Wednesday, May 29, 2019
Hip Hip Essay -- essays research papers fc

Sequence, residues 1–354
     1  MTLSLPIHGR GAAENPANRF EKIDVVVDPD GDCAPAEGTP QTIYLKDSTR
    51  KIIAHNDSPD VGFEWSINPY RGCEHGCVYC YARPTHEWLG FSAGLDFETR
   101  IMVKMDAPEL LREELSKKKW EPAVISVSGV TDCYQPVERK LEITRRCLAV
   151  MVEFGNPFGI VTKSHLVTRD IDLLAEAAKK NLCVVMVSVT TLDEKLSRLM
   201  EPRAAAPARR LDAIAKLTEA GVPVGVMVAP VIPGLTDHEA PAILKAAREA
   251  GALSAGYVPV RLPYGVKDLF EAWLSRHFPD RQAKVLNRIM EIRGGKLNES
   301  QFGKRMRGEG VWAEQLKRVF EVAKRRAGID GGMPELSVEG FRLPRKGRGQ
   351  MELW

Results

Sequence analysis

The IntroductionHip hop as a ding an sich is marked by some confusion. Consider the key out is it "hip hop," "hip-hop" or "hiphop"? You will see all three used in titles in this bibliog wiretaphy. Hip hop is, at the same time, a cultural phenomenon that developed in the late 70s in the projects in Brooklyn and the Bronx, and a musical style from that phenomenon. Nevertheless, hip hop has become a pervasive piece of popular culture, as witnessed by this bibliography. There are hip hop exercise videos, childrens books as well as books, magazines, magazine articles and theses about it.Before we substantiate to the bibliography, a brief hip hop history is in order. Hip hop began in the mid- to late 70s, but its roots are much sr. (indeed, hip hops use of music from other genres is reflected in Renaissance parody masses). According to one source, the roots of this phenomenon are in Jamaica in the 40s. By the 60s, it was green to find "sounds", or a tr uck fitted with sound equipment parked at a street corner, playing American rhythm & blues records for the pot in the neighborhood. Some of these DJs included Coxson Dodd, Prince Buster, and Duke Reid. By the 1970s this phenomenon was to be found in the US, particularly in the Farragut Projects in Brooklyn, NY. Some of these early DJs were Maboya, Plummer and Kool DJ D, who played by and large disco music. Another of these early figures, Kool Herc, emigrated to the States from Jamaica and settled in the Bronx with his sound system he called "the Herculords." In contrast to some of the other figures, Kool Herc focused on rhythm & blues and funk records. Another of Kool Hercs innovations was to play only the "break," or the musical material between the verses of a song, repeating that break again and again. He did this using two turntables mounted with the same record. This came to be called "break-beat deejaying." People began to perform "strange, acrobatic twisting dance routines" to these episodes that came to be called "break dances."2Kool Herc eventually leased someone to "MC" these parties. This person would talk to the crowd between the songs to keep the party going. This was the beginning of "rapping." DJ Hollywood, one of the early MCs at Kool Hercs parties would use riming verses in his rap... ..., ed. Drumvoices. University of Illinois, Edwardsville, Illinois, 2004. Contains "The Hip Hop Nation as a Site of African American Cultural and Historical Memory" by pack Spady.Roberts, thaumaturgy W. From hucklebuck to hip-hop social dance in the African-American community in Philadelphia. Philadelphia, Pa. Odunde, 1995.Sansevere, John R. Post-bop hip-hop a tribe called Quest. Racine, Wis. Western Pub. Co., 1993.Sexton, Adam., ed. Rap on rap straight-up talk on hip-hop culture. red-hot York Delta, 1995.Shabazz, Julian L. D. The United States of America vs. hip-hop. Hampton, VA Unite d Bros. Pub. Co., 1992.Shaw, Arnold. Black popular music in America from the spirituals, minstrels, and ragtime to soul, disco, and hip-hop. New York London Schirmer Books Collier Macmillan, 1986.Shomari, Hashim A. From the underground hip hop culture as an agent of social change. Fanwood, NJ X-Factor Publications, 1995.Smash, Nick. Hip hop 86-89. Woodford Green, Essex, England International Music Publications, 1990. Illustrated.Spady, James G., and Joseph D. Eure. Nation conscious rap. AfroAmericanization of knowledge series 3. New York PC International Press, 1991.
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